• Both were great deliverers and great teachers — Moses delivered his

            people from Egypt and Pharaoh, and led them through the wilderness to

            Canaan; Christ delivers His from sin and Satan, and. leads them through

            the wilderness of this life to heaven.


  • Both willed to be a sacrifice for their brethren — God could not accept

            the one sacrifice (v. 33), but could and did accept the other.  Yet it pleased

            the LORD to bruise Him; He hath put Him to grief:  when thou shalt

            make His soul an offering for sin, He shall see His seed, He shall prolong

            His days, and the pleasure of the LORD shall prosper in His hand.

            He shall see of the travail of His soul, and shall be satisfied: by His

            knowledge shall my righteous servant justify many; for HE SHALL

            BEAR THEIR INIQUITIES” (Isaiah 53:10-11)




Judgment and Mercy (vs. 15-35)





Ø      He came with tables written by God’s own finger. The Divine origin

and claims of the law are still attested by its own nature and by man’s



Ø      He was met by the exhibition of gross and defiant sin. The law does not

come to a people waiting to receive the knowledge of God’s will, but

busy with their idolatry and breaking what they already know to be

 His will.


Ø      The law’s advent, therefore, is in wrath (v. 19).


o        The broken tables declare that God’s covenant is broken. This is still

shown in the taking away of God’s word from the sinful: it is not

understood. Though held in the hand, a veil is drawn between the soul

and it.


§         Spiritual death,

§         rationalism, and

§         infidelity,


are tokens today of God’s broken covenant.


o        The burning of the idol, etc. The broken law is a prophecy and foretaste

of wrath.

o        The slaughter of the persistent idolaters. The place of feasting becomes

the place of death.




Ø      His deep consciousness of the evil of their sin (vs. 30-31). The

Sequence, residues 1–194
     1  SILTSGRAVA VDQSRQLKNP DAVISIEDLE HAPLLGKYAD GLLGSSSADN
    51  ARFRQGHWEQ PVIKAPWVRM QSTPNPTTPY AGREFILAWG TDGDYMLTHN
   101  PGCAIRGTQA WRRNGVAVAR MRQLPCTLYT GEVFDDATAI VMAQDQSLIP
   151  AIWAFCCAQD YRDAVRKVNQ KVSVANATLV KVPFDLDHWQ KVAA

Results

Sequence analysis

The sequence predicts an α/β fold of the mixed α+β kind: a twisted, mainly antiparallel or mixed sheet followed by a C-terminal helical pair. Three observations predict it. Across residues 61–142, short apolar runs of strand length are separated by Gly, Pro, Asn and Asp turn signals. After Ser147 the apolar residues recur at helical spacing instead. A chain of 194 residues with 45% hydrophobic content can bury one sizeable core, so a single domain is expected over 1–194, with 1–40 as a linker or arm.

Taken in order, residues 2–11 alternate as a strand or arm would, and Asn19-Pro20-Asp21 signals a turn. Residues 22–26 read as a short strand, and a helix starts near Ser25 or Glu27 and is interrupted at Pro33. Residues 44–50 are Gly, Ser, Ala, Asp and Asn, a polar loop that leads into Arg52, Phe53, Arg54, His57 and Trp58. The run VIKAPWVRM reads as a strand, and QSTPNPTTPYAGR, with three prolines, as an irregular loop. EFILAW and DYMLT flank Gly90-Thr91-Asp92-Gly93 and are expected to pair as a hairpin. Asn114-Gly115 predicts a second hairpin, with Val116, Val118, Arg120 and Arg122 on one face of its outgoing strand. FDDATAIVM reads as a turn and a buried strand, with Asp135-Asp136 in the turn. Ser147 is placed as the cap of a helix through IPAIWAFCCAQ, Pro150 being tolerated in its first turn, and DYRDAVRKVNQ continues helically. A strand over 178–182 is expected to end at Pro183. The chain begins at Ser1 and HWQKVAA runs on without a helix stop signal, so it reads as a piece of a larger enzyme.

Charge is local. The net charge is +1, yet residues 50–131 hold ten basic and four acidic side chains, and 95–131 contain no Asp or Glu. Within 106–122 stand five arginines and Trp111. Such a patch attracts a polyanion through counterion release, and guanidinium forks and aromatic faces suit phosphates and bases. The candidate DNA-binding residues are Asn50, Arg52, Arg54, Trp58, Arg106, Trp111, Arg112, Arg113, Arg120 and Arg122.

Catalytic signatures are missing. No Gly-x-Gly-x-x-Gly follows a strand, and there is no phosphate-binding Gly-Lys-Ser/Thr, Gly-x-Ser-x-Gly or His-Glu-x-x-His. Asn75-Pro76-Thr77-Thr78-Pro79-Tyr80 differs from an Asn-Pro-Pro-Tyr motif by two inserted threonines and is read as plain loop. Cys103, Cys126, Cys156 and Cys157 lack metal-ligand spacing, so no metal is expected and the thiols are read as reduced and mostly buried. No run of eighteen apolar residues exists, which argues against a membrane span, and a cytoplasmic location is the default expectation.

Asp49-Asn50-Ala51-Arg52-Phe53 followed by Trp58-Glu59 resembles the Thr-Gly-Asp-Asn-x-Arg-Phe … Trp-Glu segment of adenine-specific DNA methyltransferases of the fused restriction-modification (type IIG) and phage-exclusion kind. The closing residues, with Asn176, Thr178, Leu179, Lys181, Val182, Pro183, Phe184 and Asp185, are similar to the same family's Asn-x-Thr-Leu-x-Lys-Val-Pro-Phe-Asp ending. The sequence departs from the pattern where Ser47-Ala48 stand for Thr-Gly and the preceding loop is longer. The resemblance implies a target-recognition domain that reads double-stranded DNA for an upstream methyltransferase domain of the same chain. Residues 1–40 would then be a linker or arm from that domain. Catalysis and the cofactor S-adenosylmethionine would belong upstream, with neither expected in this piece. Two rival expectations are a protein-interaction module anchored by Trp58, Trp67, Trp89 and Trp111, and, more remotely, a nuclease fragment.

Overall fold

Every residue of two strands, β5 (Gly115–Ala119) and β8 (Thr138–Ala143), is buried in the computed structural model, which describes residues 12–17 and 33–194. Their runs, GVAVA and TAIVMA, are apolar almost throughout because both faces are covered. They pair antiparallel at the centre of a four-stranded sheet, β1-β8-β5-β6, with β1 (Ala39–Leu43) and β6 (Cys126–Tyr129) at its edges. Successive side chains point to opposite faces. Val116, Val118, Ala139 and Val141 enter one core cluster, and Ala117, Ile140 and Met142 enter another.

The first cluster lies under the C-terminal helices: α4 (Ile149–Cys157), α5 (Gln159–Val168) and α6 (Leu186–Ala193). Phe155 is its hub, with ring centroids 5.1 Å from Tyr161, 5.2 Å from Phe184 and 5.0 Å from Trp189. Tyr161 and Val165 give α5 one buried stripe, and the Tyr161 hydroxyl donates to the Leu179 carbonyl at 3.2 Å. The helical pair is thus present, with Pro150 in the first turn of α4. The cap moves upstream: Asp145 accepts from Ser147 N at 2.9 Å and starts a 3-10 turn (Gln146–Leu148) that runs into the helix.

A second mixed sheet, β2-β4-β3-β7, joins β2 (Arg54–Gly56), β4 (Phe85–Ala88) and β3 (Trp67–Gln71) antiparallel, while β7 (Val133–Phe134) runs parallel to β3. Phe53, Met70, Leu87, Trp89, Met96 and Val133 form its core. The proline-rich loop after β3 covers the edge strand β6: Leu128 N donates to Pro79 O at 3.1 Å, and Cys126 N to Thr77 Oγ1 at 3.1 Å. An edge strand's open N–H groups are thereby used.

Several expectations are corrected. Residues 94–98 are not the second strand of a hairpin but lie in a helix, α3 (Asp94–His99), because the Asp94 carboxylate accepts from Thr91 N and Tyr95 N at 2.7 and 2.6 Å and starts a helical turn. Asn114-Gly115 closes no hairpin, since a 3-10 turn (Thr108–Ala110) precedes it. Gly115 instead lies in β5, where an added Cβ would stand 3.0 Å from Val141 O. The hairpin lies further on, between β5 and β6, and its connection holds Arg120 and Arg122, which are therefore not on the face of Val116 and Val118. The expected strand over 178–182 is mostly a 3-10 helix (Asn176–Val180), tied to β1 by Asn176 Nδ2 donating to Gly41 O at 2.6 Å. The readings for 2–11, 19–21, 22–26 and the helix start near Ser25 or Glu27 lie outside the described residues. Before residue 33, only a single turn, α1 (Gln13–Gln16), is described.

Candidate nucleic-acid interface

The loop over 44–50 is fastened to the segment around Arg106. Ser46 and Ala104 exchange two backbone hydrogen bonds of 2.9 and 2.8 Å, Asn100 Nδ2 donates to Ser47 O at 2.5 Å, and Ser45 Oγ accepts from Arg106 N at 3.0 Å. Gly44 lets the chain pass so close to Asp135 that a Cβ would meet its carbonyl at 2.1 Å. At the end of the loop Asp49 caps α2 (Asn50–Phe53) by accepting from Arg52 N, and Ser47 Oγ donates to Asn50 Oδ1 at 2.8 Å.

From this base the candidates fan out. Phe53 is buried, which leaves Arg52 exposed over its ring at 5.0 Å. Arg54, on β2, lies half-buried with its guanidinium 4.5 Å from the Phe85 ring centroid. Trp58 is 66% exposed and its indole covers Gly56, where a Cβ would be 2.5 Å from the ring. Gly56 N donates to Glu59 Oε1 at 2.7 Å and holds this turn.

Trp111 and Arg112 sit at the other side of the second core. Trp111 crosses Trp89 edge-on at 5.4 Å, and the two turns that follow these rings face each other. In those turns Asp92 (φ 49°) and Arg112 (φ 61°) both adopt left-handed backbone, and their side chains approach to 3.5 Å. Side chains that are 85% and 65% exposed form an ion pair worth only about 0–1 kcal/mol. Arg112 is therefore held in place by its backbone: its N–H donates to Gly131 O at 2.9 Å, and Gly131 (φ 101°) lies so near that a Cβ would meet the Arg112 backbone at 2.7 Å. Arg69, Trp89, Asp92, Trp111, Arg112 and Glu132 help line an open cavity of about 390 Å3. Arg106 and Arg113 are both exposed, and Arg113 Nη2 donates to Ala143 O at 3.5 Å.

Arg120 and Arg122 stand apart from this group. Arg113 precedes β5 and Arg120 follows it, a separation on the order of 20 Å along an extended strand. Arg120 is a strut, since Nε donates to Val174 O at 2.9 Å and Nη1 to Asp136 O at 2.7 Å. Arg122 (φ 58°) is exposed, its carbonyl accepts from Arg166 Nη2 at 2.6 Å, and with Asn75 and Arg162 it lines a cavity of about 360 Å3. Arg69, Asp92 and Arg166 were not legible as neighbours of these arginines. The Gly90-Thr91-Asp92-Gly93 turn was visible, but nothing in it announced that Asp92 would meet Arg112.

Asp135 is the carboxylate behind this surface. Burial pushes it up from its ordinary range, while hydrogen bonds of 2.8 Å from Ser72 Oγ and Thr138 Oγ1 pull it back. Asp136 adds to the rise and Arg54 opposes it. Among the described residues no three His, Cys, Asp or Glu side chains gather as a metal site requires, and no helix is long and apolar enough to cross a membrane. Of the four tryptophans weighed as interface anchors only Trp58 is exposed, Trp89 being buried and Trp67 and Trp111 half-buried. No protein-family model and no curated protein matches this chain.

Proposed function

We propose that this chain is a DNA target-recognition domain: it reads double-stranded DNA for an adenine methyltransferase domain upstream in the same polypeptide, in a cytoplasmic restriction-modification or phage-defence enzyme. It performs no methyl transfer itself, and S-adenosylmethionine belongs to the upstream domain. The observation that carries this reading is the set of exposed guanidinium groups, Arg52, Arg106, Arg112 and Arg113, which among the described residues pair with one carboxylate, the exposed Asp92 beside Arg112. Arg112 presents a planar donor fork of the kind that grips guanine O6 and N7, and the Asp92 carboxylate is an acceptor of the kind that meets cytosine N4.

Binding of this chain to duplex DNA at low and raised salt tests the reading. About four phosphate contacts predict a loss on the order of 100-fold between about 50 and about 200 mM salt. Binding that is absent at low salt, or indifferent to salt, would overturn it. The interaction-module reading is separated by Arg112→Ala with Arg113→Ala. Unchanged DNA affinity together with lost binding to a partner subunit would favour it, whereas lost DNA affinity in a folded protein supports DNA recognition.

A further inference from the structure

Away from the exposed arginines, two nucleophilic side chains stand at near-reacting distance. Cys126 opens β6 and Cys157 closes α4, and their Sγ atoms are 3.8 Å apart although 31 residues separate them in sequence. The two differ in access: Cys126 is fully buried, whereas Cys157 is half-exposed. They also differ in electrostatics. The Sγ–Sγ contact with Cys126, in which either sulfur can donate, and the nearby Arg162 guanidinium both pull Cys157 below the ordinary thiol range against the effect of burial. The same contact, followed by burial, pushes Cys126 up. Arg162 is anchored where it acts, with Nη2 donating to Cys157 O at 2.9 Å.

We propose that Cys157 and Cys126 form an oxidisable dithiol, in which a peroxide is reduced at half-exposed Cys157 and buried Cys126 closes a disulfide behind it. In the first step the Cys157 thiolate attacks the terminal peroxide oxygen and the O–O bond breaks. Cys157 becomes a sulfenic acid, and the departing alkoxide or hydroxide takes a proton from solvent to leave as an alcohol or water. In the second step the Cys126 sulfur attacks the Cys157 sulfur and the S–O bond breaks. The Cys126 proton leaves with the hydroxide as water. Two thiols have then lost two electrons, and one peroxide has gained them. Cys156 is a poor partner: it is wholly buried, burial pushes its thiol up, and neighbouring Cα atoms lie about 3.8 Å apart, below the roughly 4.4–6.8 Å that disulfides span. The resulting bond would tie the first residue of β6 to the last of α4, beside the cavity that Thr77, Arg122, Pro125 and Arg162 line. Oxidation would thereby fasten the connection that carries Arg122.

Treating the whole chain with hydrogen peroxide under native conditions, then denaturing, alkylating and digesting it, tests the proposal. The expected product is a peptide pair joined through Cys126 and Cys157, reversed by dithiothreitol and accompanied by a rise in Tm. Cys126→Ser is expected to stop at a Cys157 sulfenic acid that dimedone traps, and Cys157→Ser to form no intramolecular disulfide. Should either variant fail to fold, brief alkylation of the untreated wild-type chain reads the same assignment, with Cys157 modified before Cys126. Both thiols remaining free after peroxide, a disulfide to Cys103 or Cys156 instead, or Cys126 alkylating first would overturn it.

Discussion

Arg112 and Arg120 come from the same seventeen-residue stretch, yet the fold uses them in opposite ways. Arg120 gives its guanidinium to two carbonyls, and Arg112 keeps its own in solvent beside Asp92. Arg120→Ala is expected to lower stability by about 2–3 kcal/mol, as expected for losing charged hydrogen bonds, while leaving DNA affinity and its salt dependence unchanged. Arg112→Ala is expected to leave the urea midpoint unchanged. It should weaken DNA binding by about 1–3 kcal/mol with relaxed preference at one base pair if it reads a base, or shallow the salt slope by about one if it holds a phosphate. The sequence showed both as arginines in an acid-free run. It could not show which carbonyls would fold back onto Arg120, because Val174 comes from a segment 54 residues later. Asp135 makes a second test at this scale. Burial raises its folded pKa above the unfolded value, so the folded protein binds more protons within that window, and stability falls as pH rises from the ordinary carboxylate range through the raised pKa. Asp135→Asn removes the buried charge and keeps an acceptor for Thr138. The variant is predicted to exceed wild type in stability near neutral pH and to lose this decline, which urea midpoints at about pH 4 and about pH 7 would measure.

intercessor cannot make light of man’s iniquity. He who bore our

burdens felt their weight and terribleness as we have never yet done.

(“And being in an agony He prayed more earnestly:  and His sweat

was as it were great drops of blood falling down to the ground.”

(Luke 22:44)


Ø      His love. Though he hates their iniquity, his life is bound up with

theirs (v. 32).





Ø      The impossibility of ransom. “Whosoever hath sinned against me him

will I blot out of my book.” There is but one sacrifice which avails, and

that reaches the heart of the sinful and changes it, THE BLOOD OF




Ø      Mercy to the unrenewed only means A DELAYED JUDGMENT!

“Nevertheless, in the day when I visit I will visit their sins upon

them.”   (v. 34)




Moses’ Second Intercession (vs. 30-35)


This second intercession of Moses is even more wonderful than the first.

The question raised on that former occasion — Is Moses more merciful

than God? — will, indeed, no longer occur. Those who might have been

disposed to press that question then will probably not be disposed to press

it now. They have since had sufficient evidence of Moses’ severity. They

have found that, whatever elements of character are lacking to him, he is

not wanting in energy of indignation at patent wickedness. The temptation,

on the contrary, may now be to accuse the lawgiver of unjustifiable and

unholy anger — of reckless disregard of human life. The charge is

groundless; but if, for a moment, it should appear natural, the reply to it is

found in the study of this second scene upon the mount. Surely, if ever

human heart laid bare its intense and yearning love for those whose sin

fidelity to duty yet compelled it to reprobate and loathe, it is the heart of

Moses in this new, and altogether marvelous, juncture in his history.



  • THE CONFESSION MADE (vs. 30-31). Moses makes a full

confession of the sin of the people. This confession was:


Ø      Holy. He has just views of the demerit of the sin for which he seeks

forgiveness. His impressions of its enormity are even stronger than at the

time of his first intercession. So heinous does it now appear to him that

he is mentally in doubt whether God possibly can forgive it.